Why Does the DMV Suspend a Driver License for a Serious a Injury Accident?
The California State Legislature has empowered the California Department of Motor Vehicles (DMV) with the authority to issue the California Driver License to qualified drivers. What few people understand is the sweeping authority the DMV also possesses to suspend or revoke the Driving Privilege of any person whom the Department deems to be a Negligent Operator. California Vehicle Code Section 12809(e) provides….
The Department may refuse to issue or renew; or may suspend or revoke the driving privilege of any person If the Department determines the applicant/driver is a negligent or incompetent operator of a motor vehicle.
What is the DMV definition of a Serious Injury – Negligent Operator Hearings
Because the California Vehicle Code (CVC) does not specifically establish the parameters of a “Serious Injury,” the Department looks to the policies of the California Highway Patrol (CHP) for guidance on this issue. The CHP Manual for investigating traffic accidents defines a “Serious Injury” as one which may include: Broken bones, Open lacerations from which blood flows freely, Open lacerations requiring sutures, stitches or staples to close, Skull fractures or brain injuries, Internal Injuries and/or Any injury requiring a surgical procedure to correct.
By definition, a complaint of pain or a simple bruise or scratch does not qualify as a “Serious Injury.” Just because a person claims injury or is even transported to a hospital for observation does not mean you will be labeled as a Negligent Operator.
How can I protect my license from being suspended by the DMV for a Serious Injury Accident?
If the California DMV learns that you were involved in a Serious Injury accident, and if the Department believes you either caused or contributed to the event; the Department may initiate the process of suspending or revoking your privilege to drive. DMV doctrine dictates that an accused driver will be notified of a suspension/revocation action through the US Mail. The Department does not normally communicate with drivers by telephone or email. This is one of reasons that California Law mandates that you keep the DMV updated on your mailing address.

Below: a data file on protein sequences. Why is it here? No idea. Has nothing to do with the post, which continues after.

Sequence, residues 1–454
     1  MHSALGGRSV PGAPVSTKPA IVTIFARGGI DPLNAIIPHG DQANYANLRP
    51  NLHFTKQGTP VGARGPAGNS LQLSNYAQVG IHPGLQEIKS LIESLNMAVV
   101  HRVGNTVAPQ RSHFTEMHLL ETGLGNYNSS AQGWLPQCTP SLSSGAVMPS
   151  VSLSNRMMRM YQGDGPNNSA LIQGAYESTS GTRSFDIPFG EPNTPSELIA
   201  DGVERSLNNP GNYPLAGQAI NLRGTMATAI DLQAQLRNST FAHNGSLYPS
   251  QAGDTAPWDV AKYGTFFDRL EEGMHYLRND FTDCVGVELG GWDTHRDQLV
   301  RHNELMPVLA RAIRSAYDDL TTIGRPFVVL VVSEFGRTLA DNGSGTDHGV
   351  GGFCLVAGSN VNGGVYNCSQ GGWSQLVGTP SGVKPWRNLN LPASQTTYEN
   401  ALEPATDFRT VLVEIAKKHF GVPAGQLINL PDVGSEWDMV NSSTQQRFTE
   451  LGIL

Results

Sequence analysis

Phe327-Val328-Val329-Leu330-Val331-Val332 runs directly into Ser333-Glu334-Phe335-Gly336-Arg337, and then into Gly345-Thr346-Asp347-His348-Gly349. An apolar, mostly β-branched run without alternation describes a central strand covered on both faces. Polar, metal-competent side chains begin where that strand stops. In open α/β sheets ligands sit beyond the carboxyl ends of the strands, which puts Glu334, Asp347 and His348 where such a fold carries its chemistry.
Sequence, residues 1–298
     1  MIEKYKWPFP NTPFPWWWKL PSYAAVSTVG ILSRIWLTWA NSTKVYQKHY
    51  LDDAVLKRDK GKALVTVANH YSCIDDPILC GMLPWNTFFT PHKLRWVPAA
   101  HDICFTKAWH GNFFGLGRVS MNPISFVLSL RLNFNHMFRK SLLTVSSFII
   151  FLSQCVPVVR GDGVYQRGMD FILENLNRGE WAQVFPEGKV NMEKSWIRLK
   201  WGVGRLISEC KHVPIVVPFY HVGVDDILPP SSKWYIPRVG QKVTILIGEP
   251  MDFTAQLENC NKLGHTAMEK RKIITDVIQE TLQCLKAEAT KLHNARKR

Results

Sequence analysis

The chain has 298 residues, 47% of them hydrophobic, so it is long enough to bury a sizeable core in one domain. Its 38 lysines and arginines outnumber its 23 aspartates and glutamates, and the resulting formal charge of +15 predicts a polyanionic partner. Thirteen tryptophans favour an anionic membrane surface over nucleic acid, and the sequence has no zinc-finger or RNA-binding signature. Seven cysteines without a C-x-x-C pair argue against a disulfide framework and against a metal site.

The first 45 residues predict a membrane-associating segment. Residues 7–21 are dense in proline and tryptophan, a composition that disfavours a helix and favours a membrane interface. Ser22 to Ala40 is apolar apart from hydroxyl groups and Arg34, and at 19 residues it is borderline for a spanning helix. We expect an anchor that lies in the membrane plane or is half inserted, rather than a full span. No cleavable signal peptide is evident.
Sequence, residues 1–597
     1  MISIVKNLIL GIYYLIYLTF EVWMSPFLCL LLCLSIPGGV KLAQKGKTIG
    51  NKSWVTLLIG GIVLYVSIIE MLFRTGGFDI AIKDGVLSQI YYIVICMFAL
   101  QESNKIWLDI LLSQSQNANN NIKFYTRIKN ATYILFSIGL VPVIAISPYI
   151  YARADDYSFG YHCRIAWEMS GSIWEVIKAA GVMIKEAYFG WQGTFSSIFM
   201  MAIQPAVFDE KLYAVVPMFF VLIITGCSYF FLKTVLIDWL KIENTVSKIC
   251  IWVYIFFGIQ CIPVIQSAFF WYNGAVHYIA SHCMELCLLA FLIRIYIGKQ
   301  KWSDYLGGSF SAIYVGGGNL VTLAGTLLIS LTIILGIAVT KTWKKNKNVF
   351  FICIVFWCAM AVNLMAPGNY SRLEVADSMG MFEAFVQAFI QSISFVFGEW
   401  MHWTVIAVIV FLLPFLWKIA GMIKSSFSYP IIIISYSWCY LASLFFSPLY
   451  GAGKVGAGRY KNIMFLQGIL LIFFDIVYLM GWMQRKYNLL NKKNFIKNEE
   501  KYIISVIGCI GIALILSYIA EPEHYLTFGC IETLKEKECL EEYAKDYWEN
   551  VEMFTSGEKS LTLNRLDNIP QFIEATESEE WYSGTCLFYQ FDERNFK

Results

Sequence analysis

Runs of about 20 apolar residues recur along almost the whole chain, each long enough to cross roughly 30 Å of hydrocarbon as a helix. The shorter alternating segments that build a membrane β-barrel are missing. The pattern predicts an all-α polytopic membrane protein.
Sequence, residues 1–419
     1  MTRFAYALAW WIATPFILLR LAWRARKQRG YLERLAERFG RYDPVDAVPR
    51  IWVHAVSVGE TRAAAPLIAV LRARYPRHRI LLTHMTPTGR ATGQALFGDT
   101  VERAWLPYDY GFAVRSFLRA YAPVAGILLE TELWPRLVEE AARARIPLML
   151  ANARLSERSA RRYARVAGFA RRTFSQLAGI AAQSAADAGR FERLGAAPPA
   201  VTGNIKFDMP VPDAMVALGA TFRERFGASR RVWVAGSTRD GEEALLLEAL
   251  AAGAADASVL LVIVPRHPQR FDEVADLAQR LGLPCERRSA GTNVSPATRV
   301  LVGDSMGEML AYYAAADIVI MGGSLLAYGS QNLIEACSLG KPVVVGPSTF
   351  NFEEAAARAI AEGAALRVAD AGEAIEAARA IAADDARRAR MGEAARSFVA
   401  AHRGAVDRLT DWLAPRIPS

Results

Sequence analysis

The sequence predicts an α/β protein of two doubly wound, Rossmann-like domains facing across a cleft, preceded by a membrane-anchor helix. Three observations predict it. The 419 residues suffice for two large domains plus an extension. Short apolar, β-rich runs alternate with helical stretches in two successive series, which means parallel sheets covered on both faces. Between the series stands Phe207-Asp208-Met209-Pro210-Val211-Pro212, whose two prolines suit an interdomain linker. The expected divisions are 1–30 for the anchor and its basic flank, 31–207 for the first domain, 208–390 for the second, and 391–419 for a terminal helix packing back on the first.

If you receive an Order of Suspension or Revocation in the mail which names you as a Negligent Operator because of your involvement in a Serious Injury accident, this is iron clad evidence that the DMV has already begun the process of withdrawing your privilege to drive. This is not a warning…. It is already happening.
If you have received an Order of Suspension or Revocation, a clock is already ticking. The California Vehicle Code (CVC) demands that you be provided an opportunity to reverse the DMV action by conducting an Administrative Hearing, but the CVC also demands that a driver take action within a specified period of time; otherwise the person’s right to a hearing is waived.
The bottom line is that proper defense at a Negligent Operator hearing begins with a telephone call to the DMV Defense Experts at California Drivers Advocates, Inc. (CDA). We have been protecting the rights of California drivers for many years and we know the secrets to success. We know we must:
- Immediately contact with the Driver Safety Office near your home to schedule a Negligent Operator Hearing.
- Immediately request a “Stay of Suspension/Revocation.” In many instances these serious cases can take several months to conclude. If you qualify, a Stay of Suspension/Revocation will stop that action until the outcome of the hearing.
- File a formal “Request for Discovery” which compels the DMV to release any and all information/evidence it intends to use to establish its case.
- Completely investigate the allegation against you. Every detail of a traffic collision can be vital to our success at a hearing. Our team of former police officers, former DMV Hearing Officers, Investigators and scientists are ready to work for you.
- Determine if the injuries suffered by other parties meets the standard to qualify as a “Serious Injury.”
- Collection of evidence that establishes your knowledge, skill and physical/mental fitness to drive. Collection of evidence that tends to establish you were not distracted while driving and that your vehicle was properly maintained.
- Prepare for the hearing. We compile all of the evidence collected during our investigation and present it to the DMV in an appropriate format so that it will be accepted without objection. This is where we also prepare you to testify at your hearing.
- Conduct the hearing. Properly run, a Negligent Operator Hearing looks much like a mini-trial. Evidence is introduced and legal arguments are made. Witnesses and police officers may testify and experts may render professional opinions.
- Follow through. Once the Negligent Operator Hearing has concluded, we remain at your side to bring the process to a final conclusion.